Students join chorus of voices calling for higher teacher pay to tackle shortage
EWA BEACH, Hawaii (HawaiiNewsNow) - There’s a big push for better pay for teachers ― and it’s not just coming from the teachers themselves.
A day before the state announces a major effort to tackle the teacher shortage, a high school freshman is speaking out about the problem.
Campbell High student Jahstyce Ahulau, 14, said she learned about the teacher shortage the hard way ― by getting teachers who weren’t trained to instruct the classes they’d been assigned.
“It’s scary because we come here, we look at our teachers as role models,” she said.
"I started to see my peers suffering not understanding what the teachers were trying to get across to us," added Ahulau.
At Campbell High, the state's largest public school, there are 25 to 50 substitutes to fill the gap.
It was tough lesson about economics in Ahulau's science class.
“A letter was sent home that my biology teacher wasn’t certified and that put things into place that we do have vacancies, but it’s so much bigger than what we thought it was.”
Sherry Cassetta, a math teacher who has a doctoral degree and has taught at Campbell High for 10 years, said substitutes are unqualified to teach in major content areas.
But, Cassetta said, the are working in areas like math, English and science.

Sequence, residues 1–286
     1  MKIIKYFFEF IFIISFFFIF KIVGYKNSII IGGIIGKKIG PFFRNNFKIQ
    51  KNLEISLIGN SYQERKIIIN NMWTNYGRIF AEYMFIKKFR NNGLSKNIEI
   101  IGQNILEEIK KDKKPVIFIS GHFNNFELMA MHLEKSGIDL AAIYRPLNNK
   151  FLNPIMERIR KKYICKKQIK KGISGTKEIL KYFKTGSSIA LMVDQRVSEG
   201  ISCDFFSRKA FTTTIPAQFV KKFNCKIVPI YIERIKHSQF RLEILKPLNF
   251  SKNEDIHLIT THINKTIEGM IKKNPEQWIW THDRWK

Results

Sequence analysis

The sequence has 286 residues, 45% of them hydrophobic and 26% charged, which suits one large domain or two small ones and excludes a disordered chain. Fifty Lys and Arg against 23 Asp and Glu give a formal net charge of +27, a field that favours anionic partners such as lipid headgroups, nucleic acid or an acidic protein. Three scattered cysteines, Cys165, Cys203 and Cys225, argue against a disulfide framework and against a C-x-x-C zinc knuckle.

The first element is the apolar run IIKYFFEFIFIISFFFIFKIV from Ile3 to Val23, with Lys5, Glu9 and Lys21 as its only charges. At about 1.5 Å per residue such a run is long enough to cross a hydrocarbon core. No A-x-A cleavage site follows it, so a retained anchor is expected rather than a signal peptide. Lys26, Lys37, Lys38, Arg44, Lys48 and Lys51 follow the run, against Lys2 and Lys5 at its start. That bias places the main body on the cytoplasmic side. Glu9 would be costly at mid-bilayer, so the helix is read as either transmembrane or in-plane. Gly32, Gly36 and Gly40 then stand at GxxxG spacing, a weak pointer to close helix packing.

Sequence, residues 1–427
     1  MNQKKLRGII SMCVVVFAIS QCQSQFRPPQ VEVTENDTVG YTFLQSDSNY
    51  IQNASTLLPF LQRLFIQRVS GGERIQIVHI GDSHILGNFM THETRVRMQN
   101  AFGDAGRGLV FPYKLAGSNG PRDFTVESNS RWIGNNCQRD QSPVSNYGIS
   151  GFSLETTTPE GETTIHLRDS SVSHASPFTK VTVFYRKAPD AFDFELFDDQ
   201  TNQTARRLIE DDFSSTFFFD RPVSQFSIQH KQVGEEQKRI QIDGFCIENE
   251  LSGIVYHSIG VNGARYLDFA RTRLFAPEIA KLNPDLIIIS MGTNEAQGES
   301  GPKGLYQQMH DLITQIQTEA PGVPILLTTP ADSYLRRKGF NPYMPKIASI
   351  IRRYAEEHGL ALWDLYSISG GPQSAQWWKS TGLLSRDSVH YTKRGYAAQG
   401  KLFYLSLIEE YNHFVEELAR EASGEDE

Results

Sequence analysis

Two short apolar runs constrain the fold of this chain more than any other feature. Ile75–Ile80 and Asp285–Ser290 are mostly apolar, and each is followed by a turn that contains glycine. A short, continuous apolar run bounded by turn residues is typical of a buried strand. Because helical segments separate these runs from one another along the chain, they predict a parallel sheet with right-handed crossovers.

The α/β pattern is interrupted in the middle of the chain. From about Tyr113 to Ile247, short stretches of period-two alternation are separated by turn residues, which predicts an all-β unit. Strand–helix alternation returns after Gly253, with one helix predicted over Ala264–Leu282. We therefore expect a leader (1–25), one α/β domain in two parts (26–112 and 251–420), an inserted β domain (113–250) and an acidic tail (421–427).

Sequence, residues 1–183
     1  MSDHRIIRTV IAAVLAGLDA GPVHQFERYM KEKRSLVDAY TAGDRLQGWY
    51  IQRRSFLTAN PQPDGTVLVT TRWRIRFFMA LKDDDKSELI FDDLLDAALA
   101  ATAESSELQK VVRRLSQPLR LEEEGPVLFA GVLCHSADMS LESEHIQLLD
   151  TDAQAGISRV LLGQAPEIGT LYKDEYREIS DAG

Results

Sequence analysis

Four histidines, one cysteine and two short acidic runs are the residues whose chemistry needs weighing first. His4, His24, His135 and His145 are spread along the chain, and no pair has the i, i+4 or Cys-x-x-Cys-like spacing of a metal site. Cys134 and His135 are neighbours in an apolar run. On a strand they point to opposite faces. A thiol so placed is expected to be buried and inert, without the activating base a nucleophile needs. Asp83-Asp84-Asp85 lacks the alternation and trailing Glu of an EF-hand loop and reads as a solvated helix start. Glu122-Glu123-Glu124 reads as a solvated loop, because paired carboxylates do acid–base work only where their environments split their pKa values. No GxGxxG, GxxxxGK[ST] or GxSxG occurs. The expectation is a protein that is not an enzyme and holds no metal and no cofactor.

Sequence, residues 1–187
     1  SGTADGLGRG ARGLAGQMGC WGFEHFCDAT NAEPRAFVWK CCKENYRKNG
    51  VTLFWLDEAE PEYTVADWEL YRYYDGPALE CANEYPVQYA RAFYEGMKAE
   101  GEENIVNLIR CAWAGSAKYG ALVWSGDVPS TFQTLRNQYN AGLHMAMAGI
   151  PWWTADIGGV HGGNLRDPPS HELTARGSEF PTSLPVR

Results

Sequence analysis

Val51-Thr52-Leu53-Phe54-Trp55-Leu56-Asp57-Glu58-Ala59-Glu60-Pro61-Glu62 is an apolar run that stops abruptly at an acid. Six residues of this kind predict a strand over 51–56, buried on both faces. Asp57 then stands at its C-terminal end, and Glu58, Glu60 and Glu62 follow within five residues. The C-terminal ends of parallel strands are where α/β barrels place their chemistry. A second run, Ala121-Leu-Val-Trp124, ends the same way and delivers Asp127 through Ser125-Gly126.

According to the teachers union, starting salaries for licensed teachers are $49,000 per year ― the lowest in the country factoring in Hawaii’s high cost of living.
To highlight the issue, Ahulau is organizing a community conference called “Fighting for Our Future.”
The event is Dec. 18 from 4:30 p.m. to 6:30 p.m. at Campbell High School. She’s also planning a rally at the state Capitol next year to fight for more teacher pay and greater teacher retention.
"This is a fight because all of the knowledge that I have within me is from my teachers and that's the stuff that's going to help me in the future," she said.
On Tuesday, the governor plans to unveil a major a proposal to increase pay for special education and Hawaiian language immersion teachers along with those who teach in hard-to-staff areas.
Also this week, the Board of Education will consider a pay differential proposal for teachers.
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